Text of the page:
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oiic-formation-discuss message

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Subject: Re: [oiic-formation-discuss] Features, abstract features, and precise element semantics to limit lock-in

2008/6/24 jose lorenzo <hozelda@yahoo.com>:

> Dave (and others), I know there is the testability issue; however, there is such a thing as damage control after the fact. An accreditation group may want to be able to revoke certification if they are led to believe that a product has been violation these constraints repeatedly or simply because it is buggy. After all, a user that wants to write a paragraph for their resume wants to be able to read it back when they open it with last year's app or in a different app that is also certified as meeting profile ODF/core.

Damage control?

There are 18 uses of the word shall in ODF 1.1.
193 occurrences of the word 'must'.
In a document of 800 pages.

Strictly speaking (for a viable standard without Robs laxity) that is
how many tests are needed for compliance.

I'm now of the opinion that the 'report back to the main TC' should be
the the IIC TC's main task.

As a standard it's not good.

> Yes, it is not completely subjective. That is why I refer to *abstract* feature. However, it is a useful notion because the concept of a paragraph is very well defined in other contexts. It's understood by humans if not precisely in some contexts by computers. [Well, even humans might debate the meaning of paragraph.. which is why I wanted to throw in the "intent of the user as designated by their actions." I think some W3C standards also make use of such potentially vague untestable notions. ..And I am talking about trying to get this into the ODF normative sections.]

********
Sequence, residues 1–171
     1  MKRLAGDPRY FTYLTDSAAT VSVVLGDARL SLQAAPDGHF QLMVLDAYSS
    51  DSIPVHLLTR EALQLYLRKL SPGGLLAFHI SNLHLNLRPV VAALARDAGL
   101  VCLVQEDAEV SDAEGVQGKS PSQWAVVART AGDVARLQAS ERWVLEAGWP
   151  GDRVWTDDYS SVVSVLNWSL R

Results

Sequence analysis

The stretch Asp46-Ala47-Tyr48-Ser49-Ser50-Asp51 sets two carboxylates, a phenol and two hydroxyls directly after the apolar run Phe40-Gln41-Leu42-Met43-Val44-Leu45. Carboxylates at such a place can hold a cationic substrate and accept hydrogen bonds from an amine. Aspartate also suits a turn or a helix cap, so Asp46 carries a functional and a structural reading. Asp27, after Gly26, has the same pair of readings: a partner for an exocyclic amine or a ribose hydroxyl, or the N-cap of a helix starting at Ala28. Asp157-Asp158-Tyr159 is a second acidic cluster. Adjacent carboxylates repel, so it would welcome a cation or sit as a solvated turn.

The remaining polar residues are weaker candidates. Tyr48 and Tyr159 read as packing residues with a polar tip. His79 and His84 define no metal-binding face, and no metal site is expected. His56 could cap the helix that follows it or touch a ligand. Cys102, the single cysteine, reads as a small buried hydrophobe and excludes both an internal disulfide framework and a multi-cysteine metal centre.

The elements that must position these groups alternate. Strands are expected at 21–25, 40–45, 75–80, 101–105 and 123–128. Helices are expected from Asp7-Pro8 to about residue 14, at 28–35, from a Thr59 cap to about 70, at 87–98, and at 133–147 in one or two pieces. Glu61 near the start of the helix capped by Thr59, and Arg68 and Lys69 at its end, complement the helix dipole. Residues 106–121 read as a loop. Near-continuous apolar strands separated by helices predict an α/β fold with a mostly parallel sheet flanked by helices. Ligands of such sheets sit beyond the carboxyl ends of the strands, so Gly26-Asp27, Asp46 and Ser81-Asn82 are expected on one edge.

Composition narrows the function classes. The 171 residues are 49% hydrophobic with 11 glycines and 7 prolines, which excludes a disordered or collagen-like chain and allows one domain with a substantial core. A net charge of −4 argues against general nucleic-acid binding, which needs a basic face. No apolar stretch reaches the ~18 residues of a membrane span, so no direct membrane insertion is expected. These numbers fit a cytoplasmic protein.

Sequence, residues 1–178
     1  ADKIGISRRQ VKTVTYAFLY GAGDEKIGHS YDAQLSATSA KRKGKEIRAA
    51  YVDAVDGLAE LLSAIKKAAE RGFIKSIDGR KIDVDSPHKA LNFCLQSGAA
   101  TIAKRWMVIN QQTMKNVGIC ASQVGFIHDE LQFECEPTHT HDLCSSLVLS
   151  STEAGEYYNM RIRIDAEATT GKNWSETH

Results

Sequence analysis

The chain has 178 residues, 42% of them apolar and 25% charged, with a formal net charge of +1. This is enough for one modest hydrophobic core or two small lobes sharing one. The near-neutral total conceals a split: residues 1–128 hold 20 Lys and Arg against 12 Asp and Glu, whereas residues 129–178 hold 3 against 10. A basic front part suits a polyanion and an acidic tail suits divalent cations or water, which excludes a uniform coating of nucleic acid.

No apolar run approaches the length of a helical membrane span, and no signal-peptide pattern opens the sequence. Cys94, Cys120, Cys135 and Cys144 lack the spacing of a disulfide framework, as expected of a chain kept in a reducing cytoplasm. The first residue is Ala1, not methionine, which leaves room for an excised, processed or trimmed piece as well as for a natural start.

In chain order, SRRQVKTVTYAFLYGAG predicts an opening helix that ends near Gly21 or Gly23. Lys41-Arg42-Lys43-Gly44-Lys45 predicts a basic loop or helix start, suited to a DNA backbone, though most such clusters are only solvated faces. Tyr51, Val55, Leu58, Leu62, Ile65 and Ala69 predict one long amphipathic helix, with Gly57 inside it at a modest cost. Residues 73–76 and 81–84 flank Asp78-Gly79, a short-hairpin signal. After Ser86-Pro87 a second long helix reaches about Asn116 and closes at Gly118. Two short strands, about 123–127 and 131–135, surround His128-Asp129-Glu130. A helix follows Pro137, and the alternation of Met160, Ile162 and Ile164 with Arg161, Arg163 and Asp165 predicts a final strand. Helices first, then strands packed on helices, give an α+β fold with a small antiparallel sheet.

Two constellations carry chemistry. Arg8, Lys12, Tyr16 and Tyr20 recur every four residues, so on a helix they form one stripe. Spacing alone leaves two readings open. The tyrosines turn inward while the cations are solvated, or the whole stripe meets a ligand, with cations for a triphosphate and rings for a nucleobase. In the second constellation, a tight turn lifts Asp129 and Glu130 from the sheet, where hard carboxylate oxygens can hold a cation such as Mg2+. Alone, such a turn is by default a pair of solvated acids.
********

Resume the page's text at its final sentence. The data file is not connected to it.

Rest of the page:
Any whitespace separated block in the text progression direction.

> Manual tests requiring subjective human decisions are fine if the ratio of tests performed to human interaction is still high, and we can help make the decisions as unambiguous as possible.

Manual tests must be objective Jose. If they can't be designed that
way then they aren't clear tests.


Dave Pawson

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